by Kyle Woodley | July 1, 2014 11:23 am
Editor’s note: This column is the latest update in our 10 Best Stocks for 2014 contest. Kyle Woodley’s pick for the contest is Tesla Motors (TSLA).
Question: When are 60% returns in six months disappointing?
Answer: When the other guy is running off 140% returns.
I jest, I jest. There’s nothing disappointing about the gains enjoyed by my 10 Best Stocks for 2014pick, Tesla Motors (TSLA). Sure, I’d love to be leading the pack like Jon Markman, whose Emerge Energy Services LP (EMES) pick has stormed forward some 140% this year, but … well, a silver medal at the midway point ain’t too shabby.
I am, however, a bit less sanguine about where TSLA stock sits heading into the second half of the year.
Because whereas the outlook at Jan. 1 looked like a simple run to exponential growth, in the past six months … things got weird, in a couple of ways.
Earlier this year, TSLA announced plans to build a so-called Gigafactory, an ambitious $5 billion project that’s expected to start producing lithium-ion batteries in 2017, and by 2020 produce more batteries for EVs than the world’s total global production as of last year. In the process, Tesla estimates that the Gigafactory would reduce the per-kWh cost of battery packs by roughly 30%.
The big concern here, of course, is the sheer size and scale of the project.
For one, at $5 billion, the Gigafactory’s cost represents a sixth of Tesla’s overall market capitalization and roughly double TSLA’s cash and short-term investments.
Plus, Tesla says the Gigafactory would produce enough battery packs annually to power about 500,000 vehicles (in addition to any other batteries the factory might produce for other purposes). To put that in perspective, Tesla Motors’ goal for Model S deliveries this year is 35,000 cars.
Hopes of breakneck growth are a big part of why I picked Tesla to begin with, but now TSLA really needs that sales expansion to become reality if the company has any hope of keeping investors pleased.
There are no hard numbers to tack onto this worry — merely conjecture about things we don’t know, and a mind that no one can read.
In mid-June, Elon Musk announced that he was opening up all of Tesla Motors’ patents for, more or less, the benefit of mankind. Musk’s hope is that by making available some of the blueprints to his EV technology, the rest of the automotive world will catch up faster.
Shortly after that, we got reports that Tesla was talking to BMW (BAMXY) and Nissan (NSANY) about how to work together in expanding EV-charging networks — almost certainly Tesla’s current Supercharger system.
The big worry, of course, is that Elon Musk really does care about the future of electric vehicles and a greener earth that he’s willing to sacrifice corporate profits to get there. You wouldn’t be blamed for thinking that — Musk has rankled shareholders before with brutally honest, investors-second comments, and he specifically pointed out in his blog post that the patents were made available “for the advancement of electric vehicle technology.”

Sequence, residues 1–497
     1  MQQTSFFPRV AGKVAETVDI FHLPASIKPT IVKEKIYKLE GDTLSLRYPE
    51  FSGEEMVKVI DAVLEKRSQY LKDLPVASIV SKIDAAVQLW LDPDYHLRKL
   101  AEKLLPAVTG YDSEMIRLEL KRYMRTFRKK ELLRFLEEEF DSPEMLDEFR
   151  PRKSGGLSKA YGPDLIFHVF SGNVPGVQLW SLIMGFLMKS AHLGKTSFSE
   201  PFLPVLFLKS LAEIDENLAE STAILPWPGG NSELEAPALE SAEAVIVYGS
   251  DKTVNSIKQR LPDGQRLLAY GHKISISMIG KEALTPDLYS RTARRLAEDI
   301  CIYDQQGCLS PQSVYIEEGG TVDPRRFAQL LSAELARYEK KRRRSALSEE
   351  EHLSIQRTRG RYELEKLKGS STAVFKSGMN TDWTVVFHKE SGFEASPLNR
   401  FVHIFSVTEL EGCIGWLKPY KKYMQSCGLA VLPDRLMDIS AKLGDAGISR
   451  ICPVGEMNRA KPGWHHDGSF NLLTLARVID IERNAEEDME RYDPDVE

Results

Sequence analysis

But a couple things put my mind to ease here.
Open-source technology does not a business topple. Just ask Google (GOOG) how Android is faring. No one’s exactly shaking over at Red Hat (RHT), either.
Also, Musk is smart enough to know it’s hard to effect big change without big money. Musk is worth some $12 billion, but his Tesla stock holdings represent nearly half of that. Letting TSLA burn to the ground wouldn’t further any of his goals, so he certainly wouldn’t be the one striking the match. Thus, it’s easy to believe Musk’s insistence that “We believe that applying the open source philosophy to our patents will strengthen rather than diminish Tesla’s position in this regard.”
Tesla has other concerns on the forefront — for instance, I’m not exactly thrilled that established, quality-producing BMW is getting generally favorable reviews for its electric i3. It’s one thing to laugh when comparing the Model S with a Nissan Leaf or a Chevrolet Volt … but it’s another when a German luxury powerhouse comes knocking on your door.
I’d say the Gigafactory gives me the most pause, however, and that’s because (as I’ve mentioned before) I’m typically pretty risk-averse and hate dealing with the fun unknowns of innovative, untested, multiyear, multibillion-dollar projects.
Still — and maybe this is the worst reason to invest in (or keep holding) a particular stock — I remain bullish on Tesla if only because it hasn’t let me down yet, and Elon Musk & Co. haven’t really given me a reason to think it will anytime soon.
Besides, international expansion continues to go swimmingly, the Model X is now lined up to come out in early 2015, and the Model E is expected to be competitively priced against the Audi A4 and BMW 3-series.
As we hit the halfway point of this contest, I increasingly think of this Tesla pick like I do relationships. After 60% gains and a little turbulence along the way, we’ve officially passed the wild, irresponsible puppy-love phase. Now, the conversations have turned a little more serious as we start to think about the uncertain future.
That doesn’t mean that Tesla’s bad. Far from it. TSLA has oodles of potential left.
You just have to be realistic about the potential implosions, and be mentally prepared to cut bait if things go south.
Practically, that means setting stop-losses to protect your gains … though I wouldn’t suggest using that terminology in your next serious convo with your sweetheart.
Kyle Woodley is the Deputy Managing Editor of InvestorPlace.com. As of this writing, he was long TSLA. Follow him on Twitter at @KyleWoodley.
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